Thursday, 20 December 2012

What 'Plebgate' has to tell us about trust

For non-UK readers 'Plebgate' may hover between insignificance and mystery. It is the news story that a British government minister was pressured to resign his post as a result of abusing two police officers who were on security duty in the street outside the prime minister's office. It appears they declined to open the gates for him and insisted he wheel his bicycle (yes, really, some British government ministers are not grand while others make a public appearance of not being grand), at which point he lost his temper. It was alleged that he called them 'plebs', a short form of the latin word 'plebian' that implies a belief in his higher social standing.

Police reports were leaked and an enormous public fuss exploded in the national press and continued for days. It was all made worse by the minister, Andrew Mitchell, sticking firmly to the formula that he had not used the words attributed to him but refusing to say exactly which words he had not said. This raised suspicions that he was trying to muddy the waters having used the 'pleb' word but not used other words; or that he may not have used the 'pleb' word but had used other, equally uncivil language.

Anyway, what has this to do with governance?

It is actually all about trust. Our society is built on trust...does not function properly without it. That is the main reason why corruption is such a problem - the economic misallocation of resources is bad but corrosion of trust is far worse. Business depends on trust: you can't spend all your time in law courts getting redress from people who have tried to cheat you. So when it now turns out that police officers leaked the details of the original exchange and the ensuing investigation; and then allegedly went on to embellish the facts: that undermines civil trust.

Years ago I was a juror in a trial for possession of a knife as an offensive weapon. The defendant claimed in court that it was a tool he used for wire stripping but the policeman who had arrested him said that he had admitted it was for self defence. Eleven jurors found the man guilty but one found him not guilty and would not budge. She did not trust the police, so a man who was clearly guilty escaped justice (believe me, one look at the knife was enough to know its purpose). In much the same way, because trust in some aspects of the evidence is undermined, Andrew Mitchell looks likely to be allowed to return to front line politics despite having admitted that he behaved in an undignified and ungentlemanly manner (my words here). This trivial affair will result in the institution of policing being damaged - maybe other guilty people will escape justice because jurors don't believe police evidence - and engagement with civil society will be damaged as some potential voters think all politicians are smarmy liars who secretly despise them.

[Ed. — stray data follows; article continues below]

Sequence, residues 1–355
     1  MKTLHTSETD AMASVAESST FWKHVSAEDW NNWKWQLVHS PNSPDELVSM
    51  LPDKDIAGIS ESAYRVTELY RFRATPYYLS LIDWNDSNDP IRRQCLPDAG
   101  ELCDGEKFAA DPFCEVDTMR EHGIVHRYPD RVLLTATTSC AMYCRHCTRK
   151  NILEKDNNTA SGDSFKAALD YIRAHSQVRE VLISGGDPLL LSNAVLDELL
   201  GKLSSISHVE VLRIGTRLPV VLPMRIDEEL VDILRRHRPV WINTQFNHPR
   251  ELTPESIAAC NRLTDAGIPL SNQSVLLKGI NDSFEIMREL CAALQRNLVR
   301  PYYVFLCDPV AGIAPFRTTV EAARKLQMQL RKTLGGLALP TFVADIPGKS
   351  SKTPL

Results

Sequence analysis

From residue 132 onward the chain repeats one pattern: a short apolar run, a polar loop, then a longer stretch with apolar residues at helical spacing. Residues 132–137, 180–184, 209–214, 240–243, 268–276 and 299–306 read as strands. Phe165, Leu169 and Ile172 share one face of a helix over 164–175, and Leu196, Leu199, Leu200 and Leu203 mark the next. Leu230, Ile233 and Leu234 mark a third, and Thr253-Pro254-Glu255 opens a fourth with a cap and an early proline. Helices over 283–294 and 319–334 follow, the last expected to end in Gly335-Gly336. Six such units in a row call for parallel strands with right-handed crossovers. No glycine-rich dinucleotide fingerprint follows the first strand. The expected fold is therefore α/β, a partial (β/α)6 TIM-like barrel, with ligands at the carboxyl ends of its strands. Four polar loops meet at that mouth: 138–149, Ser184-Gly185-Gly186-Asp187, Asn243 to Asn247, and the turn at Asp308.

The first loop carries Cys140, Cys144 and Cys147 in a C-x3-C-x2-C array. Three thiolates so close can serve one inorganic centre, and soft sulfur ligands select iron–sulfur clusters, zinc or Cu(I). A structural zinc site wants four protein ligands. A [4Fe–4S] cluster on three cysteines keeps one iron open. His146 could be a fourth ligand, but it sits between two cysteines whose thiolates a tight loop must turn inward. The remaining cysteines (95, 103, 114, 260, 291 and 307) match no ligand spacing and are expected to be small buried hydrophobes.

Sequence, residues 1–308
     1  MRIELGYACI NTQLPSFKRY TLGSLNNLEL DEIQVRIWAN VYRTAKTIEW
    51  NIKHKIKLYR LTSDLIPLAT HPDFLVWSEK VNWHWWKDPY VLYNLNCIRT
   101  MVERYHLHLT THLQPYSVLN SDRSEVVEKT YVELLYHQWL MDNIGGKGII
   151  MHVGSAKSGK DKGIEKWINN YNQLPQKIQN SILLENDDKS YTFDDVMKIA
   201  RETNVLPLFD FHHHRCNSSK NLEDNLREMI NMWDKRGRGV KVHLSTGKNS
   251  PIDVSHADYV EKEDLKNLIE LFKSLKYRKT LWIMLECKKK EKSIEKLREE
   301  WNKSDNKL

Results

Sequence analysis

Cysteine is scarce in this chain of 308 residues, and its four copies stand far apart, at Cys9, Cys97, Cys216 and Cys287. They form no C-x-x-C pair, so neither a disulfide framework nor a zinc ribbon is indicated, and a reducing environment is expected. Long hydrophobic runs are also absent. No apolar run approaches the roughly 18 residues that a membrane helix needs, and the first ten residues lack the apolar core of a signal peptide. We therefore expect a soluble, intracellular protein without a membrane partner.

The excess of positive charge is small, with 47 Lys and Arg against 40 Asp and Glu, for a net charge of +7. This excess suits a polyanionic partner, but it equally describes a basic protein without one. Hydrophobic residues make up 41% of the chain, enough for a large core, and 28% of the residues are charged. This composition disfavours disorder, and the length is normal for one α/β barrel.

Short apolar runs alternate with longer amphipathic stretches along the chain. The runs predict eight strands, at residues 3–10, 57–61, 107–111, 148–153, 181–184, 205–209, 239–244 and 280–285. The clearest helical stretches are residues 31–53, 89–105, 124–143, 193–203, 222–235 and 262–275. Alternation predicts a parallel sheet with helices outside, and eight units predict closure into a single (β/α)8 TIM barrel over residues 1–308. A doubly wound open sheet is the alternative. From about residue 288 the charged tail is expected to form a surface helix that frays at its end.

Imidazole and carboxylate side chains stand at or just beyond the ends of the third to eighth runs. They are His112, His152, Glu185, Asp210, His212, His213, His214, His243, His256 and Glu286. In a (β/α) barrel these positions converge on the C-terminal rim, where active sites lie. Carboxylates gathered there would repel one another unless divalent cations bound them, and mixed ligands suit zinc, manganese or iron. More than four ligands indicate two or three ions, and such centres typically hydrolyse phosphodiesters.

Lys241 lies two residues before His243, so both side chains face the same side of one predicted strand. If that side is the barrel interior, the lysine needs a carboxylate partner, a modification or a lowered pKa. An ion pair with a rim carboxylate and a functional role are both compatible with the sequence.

Tuesday, 4 December 2012

The Starbucks Tax Scandal

Poor Starbucks. They seem to have been informally voted the leading corporate tax dodger in the UK by that independent, impartial and totally just tribunal: the press. Admittedly other US based corporations such as Amazon, Google and Apple have been held up to opprobrium too for contriving to shift taxable profits out of the UK, but Starbucks seems to have been awarded the crown.

Now there is a good point of public interest in this story. Clearly it is a sound argument that, if UK companies are unable to shift their taxable profits from the UK whilst foreign competitors can, then they will be at an economic disadvantage. Clearly, also, it would be madness for UK public policy to allow this to continue. But where does responsibility lie? When I started writing I intended to observe that there is an old maxim that nobody is obliged to arrange their affairs in a way that renders them liable to tax. I intended to qualify that by observing that people may not, however, arrange their fairs to flout the law. But that principle has  been taken further and legislation was introduced years ago in the UK to make arrangements whose sole purpose is to avoid tax unlawful. In more recent times a new constraint has been developed, that of public opinion. As ideas of corporate (and personal) social responsibility have developed, so pressures have grown on those who seek to avoid paying tax.

 I do wonder whether this is not, at least a bit, unfair. Is this not a scandal relating to the ineptitude of the tax authorities as much as anything else? Why do they allow companies to charge UK businesses fees from corporations they own abroad that drain away all their taxable profits? It is, after all, pretty clear that the businesses that stand stark naked (of profit) before them are, in fact, successful businesses that are playing the system. If they are allowed to get away with it then they will obviously all pile in. Whilst it is useful that journalists have revealed this scandal, the most appropriate outcome would be if it embarrassed the tax authorities into taking actions they should have taken years ago to limit these fees from connected companies that are allowable deductions against tax bills!

I don't say that the corporations or the individuals who have been a previous target of investigative journalism are simply freed of responsibility and can place all blame on governments that let them get away with it. It may be stretching a simile, but that is rather like a thief blaming his misdeeds on the householder who leaves a window open. There is a responsibility to be a good citizen and the public may take revenge if you are not.